Specifically, it is a study in how little a film has to do to tell a story, and how films relate to other films. An experienced viewer will be aware of our protagonist’s monomaniacal goal, arguably even before the movie starts. The film was the first release of Jarmusch’s PointBlank Films, and the name seems to have been chosen solely as it exists in relation to this film; everything about the piece recalls John Boorman’s seminal 1967 crime film Point Blank. The same is true for the cinematography by Christopher Doyle (of notable relation to the reigning master of shape and color in all of cinema, Wong Kar-wai), which is as studied and literate a riff on the films of Jean Pierre-Melville as one can imagine, so much so that it refuses to take on a life of its own. It is a study in what it takes to pantomime a style, essentially, a chilly exercise in expression.

Even more than in Dead Man, this film’s version of Spain exists more as an abstract theatrical showpiece or a set than a physical space (there are literal cues that it is a work of art, and implicitly, a presentational commentary on the fact that we are watching a piece of art rather than a reality). Limits is beautiful on its own terms, but the effect of its beauty is largely driven by the relation of that beauty to the beauty of other films, and deliberately European films at that (Melville, again, and Point Blank). We are meant to read the beauty through the prism of the idea of what films like this are supposed to represent – the existential crisis of an assassin, largely – so that the film itself doesn’t have to meaningfully tell us that we are watching a film about an assassin. All it has to do is show us people watching, walking, and waiting, and we are meant to do the rest.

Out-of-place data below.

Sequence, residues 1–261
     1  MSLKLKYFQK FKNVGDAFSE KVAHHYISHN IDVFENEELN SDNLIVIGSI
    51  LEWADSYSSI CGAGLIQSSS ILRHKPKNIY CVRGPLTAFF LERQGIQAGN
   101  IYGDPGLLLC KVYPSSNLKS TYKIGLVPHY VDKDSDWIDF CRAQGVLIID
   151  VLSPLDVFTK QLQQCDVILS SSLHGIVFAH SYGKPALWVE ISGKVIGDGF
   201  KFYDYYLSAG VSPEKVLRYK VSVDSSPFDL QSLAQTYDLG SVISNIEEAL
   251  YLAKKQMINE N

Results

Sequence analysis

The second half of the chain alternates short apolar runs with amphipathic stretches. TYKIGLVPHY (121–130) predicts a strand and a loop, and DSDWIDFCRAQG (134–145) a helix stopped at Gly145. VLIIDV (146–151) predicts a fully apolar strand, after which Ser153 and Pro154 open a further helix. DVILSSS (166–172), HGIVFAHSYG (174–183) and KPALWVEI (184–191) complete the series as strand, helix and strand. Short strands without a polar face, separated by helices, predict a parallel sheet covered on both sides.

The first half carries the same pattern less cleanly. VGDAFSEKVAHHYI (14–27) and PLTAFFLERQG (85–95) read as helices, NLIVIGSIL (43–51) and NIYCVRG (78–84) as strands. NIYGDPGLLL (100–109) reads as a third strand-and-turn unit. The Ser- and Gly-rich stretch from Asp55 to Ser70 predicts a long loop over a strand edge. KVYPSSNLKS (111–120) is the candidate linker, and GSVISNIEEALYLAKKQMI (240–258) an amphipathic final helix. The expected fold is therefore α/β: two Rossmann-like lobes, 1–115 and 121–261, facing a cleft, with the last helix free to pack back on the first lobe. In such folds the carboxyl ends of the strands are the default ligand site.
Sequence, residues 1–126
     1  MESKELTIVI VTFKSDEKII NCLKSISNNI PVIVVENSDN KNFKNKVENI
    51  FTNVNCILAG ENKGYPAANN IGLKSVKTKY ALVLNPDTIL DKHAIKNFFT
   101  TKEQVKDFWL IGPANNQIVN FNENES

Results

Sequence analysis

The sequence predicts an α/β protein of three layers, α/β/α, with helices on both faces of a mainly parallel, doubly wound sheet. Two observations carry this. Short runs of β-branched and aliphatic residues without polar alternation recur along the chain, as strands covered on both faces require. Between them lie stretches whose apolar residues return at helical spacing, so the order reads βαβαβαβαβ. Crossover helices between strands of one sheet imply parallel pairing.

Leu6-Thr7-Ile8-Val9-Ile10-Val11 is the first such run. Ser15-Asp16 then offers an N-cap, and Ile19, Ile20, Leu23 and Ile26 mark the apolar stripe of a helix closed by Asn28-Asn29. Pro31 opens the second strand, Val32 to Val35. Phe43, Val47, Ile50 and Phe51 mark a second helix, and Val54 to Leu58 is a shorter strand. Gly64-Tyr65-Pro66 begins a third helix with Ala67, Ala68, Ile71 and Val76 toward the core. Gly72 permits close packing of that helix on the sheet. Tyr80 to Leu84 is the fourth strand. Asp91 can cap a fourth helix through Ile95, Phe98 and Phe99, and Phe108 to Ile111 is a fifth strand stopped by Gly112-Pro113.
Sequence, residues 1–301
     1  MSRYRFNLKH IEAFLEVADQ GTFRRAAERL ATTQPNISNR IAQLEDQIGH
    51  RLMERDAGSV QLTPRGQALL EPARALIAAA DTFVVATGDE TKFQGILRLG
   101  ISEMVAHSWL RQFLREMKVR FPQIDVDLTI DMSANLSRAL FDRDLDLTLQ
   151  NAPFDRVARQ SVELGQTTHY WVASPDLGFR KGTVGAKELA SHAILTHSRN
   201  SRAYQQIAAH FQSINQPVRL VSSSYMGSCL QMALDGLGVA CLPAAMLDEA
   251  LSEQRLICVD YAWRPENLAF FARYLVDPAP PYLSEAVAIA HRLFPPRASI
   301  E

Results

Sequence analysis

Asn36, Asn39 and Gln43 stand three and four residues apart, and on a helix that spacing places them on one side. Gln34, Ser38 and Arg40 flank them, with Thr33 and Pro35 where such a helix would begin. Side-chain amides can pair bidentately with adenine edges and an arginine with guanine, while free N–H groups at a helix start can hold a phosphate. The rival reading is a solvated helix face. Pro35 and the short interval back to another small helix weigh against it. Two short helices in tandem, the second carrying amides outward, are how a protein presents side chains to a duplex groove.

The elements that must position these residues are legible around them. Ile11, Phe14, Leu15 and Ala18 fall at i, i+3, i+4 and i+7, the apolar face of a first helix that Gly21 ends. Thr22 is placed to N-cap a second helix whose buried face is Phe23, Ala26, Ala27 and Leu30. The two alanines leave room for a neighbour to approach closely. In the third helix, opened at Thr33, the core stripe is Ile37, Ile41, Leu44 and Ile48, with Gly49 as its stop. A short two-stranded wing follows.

Which is where the minimalism comes in, and what ultimately makes it work, unlike so many other lo-fi indies that utilize minimalism to convey naturalism or realism for the sake of gussying up a story in “seriousness”. Unlike those films which use minimalism for the sake of story, The Limits of Control adopts minimalism for a study in minimalism as a deconstruction of minimalism. There is no narrative – only our main character waiting, and occasionally meeting with a contract who converses with him, frequently wielding the same dialogue as the previous conversations in a study in repetition and a filmic self-commentary. (Tilda Swinton shows up in a conspicuously false blonde wig and namechecks an Orson Welles film in which she might have been a character). More than anything, Limits is a study in how much energy a film can draw from referencing other films; it is a study in how audiences define the meaning of an object, in this case Jarmusch’s film, through the prism of other similar objects, a study in how no film can truly “stand alone” because audiences will always relate it implicitly to other similar works. So much so that, for someone who isn’t aware of those other films, The Limits of Control is an arbitrary, nihilist, probably useless creation.